Your spine is the backbone of your mobility — literally. That’s because your spine allows you to bend, twist, and stretch daily. But, when your spine is abnormally curved in the lower back, it’s known as hyperlordosis. In severe cases, this curve can cause pain and restrict certain activities. Not only is this frustrating, but in children, it can limit their ability to be a kid. That’s why diagnosing and treating hyperlordosis is crucial to ensuring the best life for your child.
What is hyperlordosis?
Hyperlordosis is also known as lordosis and swayback. While the spine has a natural curvature to it, hyperlordosis is diagnosed by an exceptionally large curve in the lower back. Other forms of spine curvatures include kyphosis (upper back) and scoliosis (side to side).
Hyperlordosis can be caused by many things. When a child is born with lordosis, it’s typically caused by genetics. But, other disorders can cause the condition, including:
There are five different types of lordosis. The type depends on the cause of the condition, severity, and which vertebrae are affected.
1. Postural Lordosis
When a person carries too much weight in the stomach area, it can pull the back forward. If their back muscles are weak, then they won’t be able to support the spine, and the pull from the weight causes the spine to curve forward.
2. Congenital & Traumatic Lordosis
Trauma or an injury to the connecting links of the spine can cause them to break, resulting in pain in the lower spine — caused by sports injuries or car accidents. If not healed properly, the vertebrae involved can slip forward and pinch nerves.
3. Post-Surgical Laminectomy Hyperlordosis
A laminectomy is a surgical procedure where parts of the vertebrae are removed to give access to the spinal cord or nerve roots — typically done to remove spine tumors in children. This surgery can cause the spine to become unstable and results in a hyperlordotic position.
4. Neuromuscular Lordosis
This type of hyperlordosis is caused by various conditions or disorders that affect the nervous system. It’s the type most commonly seen with muscular dystrophy, cerebral palsy, and other conditions.
5. Lordosis Secondary to Hip Flexion Contracture
This unique type occurs when the spine is pulled out of alignment by the hip. This contracture can be caused by infection, injury, or muscle imbalance issues from various disorders.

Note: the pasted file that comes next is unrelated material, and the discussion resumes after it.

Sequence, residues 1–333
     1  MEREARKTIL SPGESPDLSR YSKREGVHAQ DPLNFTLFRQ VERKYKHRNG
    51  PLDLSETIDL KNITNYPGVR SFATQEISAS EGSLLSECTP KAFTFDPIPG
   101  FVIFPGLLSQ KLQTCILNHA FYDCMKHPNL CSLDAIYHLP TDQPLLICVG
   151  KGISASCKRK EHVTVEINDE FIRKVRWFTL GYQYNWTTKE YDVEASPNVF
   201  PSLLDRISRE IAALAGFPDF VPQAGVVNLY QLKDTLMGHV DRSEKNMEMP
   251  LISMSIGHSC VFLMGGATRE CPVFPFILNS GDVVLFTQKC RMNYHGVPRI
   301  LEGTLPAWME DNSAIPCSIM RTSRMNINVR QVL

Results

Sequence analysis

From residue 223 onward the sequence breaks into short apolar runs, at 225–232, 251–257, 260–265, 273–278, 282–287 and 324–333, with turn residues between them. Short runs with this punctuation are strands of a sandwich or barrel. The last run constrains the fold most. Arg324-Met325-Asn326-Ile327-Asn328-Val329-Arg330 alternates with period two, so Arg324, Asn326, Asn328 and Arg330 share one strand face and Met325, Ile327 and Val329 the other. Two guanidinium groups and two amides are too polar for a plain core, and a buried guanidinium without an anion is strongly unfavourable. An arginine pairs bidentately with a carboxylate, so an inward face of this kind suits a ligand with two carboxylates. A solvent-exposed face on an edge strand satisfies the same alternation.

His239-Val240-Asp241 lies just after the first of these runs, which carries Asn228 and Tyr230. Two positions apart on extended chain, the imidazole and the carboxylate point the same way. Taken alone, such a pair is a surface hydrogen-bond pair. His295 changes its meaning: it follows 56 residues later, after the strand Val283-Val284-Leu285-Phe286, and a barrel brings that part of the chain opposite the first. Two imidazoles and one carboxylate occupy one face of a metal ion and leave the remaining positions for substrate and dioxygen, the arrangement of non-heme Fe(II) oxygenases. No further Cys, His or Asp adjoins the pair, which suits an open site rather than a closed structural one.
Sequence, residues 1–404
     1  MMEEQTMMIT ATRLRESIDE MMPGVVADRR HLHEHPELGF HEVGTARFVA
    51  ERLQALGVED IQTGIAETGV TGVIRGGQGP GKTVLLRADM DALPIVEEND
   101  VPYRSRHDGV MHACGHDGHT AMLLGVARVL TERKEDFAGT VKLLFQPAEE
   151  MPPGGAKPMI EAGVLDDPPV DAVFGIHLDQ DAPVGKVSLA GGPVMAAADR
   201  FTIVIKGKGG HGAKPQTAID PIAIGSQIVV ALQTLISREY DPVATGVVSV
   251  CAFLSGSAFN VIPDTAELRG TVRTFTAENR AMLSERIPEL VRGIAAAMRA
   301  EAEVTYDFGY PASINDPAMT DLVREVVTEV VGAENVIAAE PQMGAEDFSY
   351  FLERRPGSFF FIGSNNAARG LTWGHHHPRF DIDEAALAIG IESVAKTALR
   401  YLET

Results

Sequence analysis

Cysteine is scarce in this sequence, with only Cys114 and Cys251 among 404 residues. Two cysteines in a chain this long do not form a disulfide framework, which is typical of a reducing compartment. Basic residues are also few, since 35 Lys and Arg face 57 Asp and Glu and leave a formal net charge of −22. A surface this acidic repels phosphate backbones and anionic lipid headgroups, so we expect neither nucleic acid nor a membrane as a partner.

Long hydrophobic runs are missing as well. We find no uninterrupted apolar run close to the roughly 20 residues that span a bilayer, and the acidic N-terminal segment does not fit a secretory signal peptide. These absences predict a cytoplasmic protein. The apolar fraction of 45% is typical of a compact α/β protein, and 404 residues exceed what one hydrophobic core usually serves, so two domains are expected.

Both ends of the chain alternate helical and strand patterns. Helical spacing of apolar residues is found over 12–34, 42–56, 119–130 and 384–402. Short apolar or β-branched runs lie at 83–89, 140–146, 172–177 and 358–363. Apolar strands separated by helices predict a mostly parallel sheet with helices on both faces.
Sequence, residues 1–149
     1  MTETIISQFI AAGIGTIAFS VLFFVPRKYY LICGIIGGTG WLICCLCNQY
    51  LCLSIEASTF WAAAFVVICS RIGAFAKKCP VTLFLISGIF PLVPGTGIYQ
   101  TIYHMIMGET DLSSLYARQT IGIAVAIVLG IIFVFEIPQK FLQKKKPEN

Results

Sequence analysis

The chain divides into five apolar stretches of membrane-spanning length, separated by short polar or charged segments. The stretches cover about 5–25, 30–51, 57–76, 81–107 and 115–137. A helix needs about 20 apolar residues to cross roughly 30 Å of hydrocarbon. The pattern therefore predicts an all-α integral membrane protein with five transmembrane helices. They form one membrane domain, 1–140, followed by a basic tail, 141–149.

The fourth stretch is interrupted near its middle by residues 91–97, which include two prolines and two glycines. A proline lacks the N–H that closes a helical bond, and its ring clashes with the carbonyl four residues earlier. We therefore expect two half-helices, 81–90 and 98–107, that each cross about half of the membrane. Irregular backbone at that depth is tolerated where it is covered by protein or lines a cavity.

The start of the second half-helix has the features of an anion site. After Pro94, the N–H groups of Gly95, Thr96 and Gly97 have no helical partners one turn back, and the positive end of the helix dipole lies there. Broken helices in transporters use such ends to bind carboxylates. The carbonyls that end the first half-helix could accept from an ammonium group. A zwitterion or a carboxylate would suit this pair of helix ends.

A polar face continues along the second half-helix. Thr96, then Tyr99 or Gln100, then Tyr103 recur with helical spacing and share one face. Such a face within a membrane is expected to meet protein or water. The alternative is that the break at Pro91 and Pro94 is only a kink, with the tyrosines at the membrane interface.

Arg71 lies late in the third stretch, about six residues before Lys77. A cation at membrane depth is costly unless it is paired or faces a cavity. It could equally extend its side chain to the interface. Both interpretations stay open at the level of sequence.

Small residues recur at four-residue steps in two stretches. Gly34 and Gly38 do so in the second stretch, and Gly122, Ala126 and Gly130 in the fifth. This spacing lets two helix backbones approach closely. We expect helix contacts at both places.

Hyperlordosis symptoms can be different for each child. But, the main sign that your child may have the condition is if their buttocks are more prominent. You can determine this by lying your child face-up on a flat service and looking for the gap in their lower back. Hyperlordosis will have a semi- to fully-visible gap between their lower back and the flat surface. In severe cases, your child may experience pain in their lower back.
How is hyperlordosis diagnosed?
To determine if your child has hyperlordosis or another spine abnormality, your pediatrician will go over your child’s health history and conduct a physical exam to see if there is a gap between their lower back and a flat surface. If the curvature is slight, additional testing may be required, including:
Hyperlordosis Treatment Options
Once diagnosed, your pediatrician will create a treatment plan for your child. This plan will depend on your child’s symptoms, age, general health, and the severity of the condition. In some cases, hyperlordosis can go away on its own. But, if your child has pain or trouble standing up straight, then treatment plans involving exercise to return flexibility are necessary. The goal of treatment is to prevent the curvature from getting worse. With that in mind, plans may include:
Observation and repeated exams
Exercises to promote good posture and muscle strength
Treatment of other health problems
Caring for a Child with Hyperlordosis
If your child suffers from hyperlordosis, the most important thing you can do is to help them follow their treatment plan. Whether it’s taking them to follow-up appointments or helping them exercise, your child may need additional assistance to live their best life. If you notice them using poor posture, make it a game to practice sitting up straight.
If your child’s other conditions are causing their swayback, then you may need to administer medications, monitor their breathing while they sleep, and help them with everyday functions — such as eating, bathing, and getting dressed. If you have other children in the home who also need your assistance, pediatric home health care can help you care for your child while you juggle your other responsibilities.
Contact Care Options for Kids for Home Health Care
It can be hard to balance your time between work, home, and caring for a child. That’s why our team of professionals at Care Options for Kids is here to help.
Our home health care services offer support in the comfort of your home. We refer loving and competent nurses to provide customized care for families — from a few hours a day to around-the-clock supervision. Contact us directly to speak with a home health care professional or request a free in-home assessment. Together we can determine the best plan of action to keep your loved ones happy and healthy.
If you or a loved one are considering Pediatric Home Health Care services, contact the caring staff at Care Options for Kids. Call today at (888) 592-5855.